PC gaming's biggest winner and loser of 2012

2012 is ending and for PC gamers it was an eventual year. We saw the release of some terrific games, of course, but there was a lot more to think about in the last 12 months that just some great game launches. Today, we pick the biggest winner and loser in the PC gaming industry of 2012.

Biggest Winner: Kickstarter

Kickstarter began the year as a way for small game developers to maybe find some funding from the general public. It ended the year as a viable way for major game creators to fund their dream projects without having to go to a major publisher. Double Fine started the trend with their still untitled adventure game but they were joined by more developers such as Obsidian, inXile and many more, and some of the projects ended up raising millions of dollars each.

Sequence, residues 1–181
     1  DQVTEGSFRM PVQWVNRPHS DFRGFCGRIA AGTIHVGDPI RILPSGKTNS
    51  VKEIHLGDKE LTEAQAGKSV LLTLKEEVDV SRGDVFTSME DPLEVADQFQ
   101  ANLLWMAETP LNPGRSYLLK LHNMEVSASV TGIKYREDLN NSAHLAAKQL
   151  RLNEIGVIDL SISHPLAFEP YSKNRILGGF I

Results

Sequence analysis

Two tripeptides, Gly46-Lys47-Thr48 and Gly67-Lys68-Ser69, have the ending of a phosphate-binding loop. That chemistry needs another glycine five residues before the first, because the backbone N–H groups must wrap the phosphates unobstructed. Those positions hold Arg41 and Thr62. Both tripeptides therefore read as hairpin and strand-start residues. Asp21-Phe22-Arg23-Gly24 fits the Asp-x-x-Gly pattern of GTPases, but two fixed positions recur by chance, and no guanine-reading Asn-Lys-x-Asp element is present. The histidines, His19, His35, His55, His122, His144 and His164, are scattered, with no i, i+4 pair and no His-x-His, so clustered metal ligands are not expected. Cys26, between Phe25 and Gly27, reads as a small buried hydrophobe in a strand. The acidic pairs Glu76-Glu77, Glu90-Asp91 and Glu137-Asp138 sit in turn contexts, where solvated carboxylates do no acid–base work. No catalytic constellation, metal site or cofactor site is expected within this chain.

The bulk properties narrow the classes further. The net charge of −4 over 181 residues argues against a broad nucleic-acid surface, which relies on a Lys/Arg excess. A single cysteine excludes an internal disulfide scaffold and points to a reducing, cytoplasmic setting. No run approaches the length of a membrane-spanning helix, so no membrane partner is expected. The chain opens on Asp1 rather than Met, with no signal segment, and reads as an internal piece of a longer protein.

While most of the games funded by Kickstarter backers have yet to be released, the truth is that they would not have been in development at all were it not for the site and that makes Kickstarter a major, and highly unexpected, winner in the PC gaming industry this year.

Biggest Loser: OnLive

OnLive seemed to have everything going for it; a streaming PC game service that let people play high end games even with low end hardware, with the support of many major game publishers. However, 2012 saw OnLive's dreams hit a major roadblock as the company suffered from massive layoffs and word that the service itself only had a few people using it.

While OnLive is still, well, live as of this writing, the service has yet to prove there is a huge audience for streaming PC games like Netflix does with movies and Pandora has for music. It's why we are picking it as our biggest PC gaming loser in 2012.

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